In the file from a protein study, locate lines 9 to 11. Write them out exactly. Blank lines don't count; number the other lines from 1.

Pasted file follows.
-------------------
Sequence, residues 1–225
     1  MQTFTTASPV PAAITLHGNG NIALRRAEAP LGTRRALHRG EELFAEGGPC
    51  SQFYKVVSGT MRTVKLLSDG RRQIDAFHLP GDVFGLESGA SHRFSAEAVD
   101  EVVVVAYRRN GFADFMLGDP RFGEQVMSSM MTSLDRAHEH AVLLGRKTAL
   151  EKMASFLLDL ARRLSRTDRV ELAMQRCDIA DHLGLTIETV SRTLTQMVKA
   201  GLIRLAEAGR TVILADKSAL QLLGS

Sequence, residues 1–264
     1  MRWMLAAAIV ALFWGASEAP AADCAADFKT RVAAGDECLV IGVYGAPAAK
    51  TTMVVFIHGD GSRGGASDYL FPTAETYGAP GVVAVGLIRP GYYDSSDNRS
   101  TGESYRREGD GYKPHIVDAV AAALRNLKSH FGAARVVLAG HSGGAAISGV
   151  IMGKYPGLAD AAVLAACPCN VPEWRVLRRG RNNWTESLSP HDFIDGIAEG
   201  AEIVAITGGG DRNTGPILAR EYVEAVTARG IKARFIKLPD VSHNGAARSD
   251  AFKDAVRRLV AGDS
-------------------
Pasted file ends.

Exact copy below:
    51  TTMVVFIHGD GSRGGASDYL FPTAETYGAP GVVAVGLIRP GYYDSSDNRS
   101  TGESYRREGD GYKPHIVDAV AAALRNLKSH FGAARVVLAG HSGGAAISGV
   151  IMGKYPGLAD AAVLAACPCN VPEWRVLRRG RNNWTESLSP HDFIDGIAEG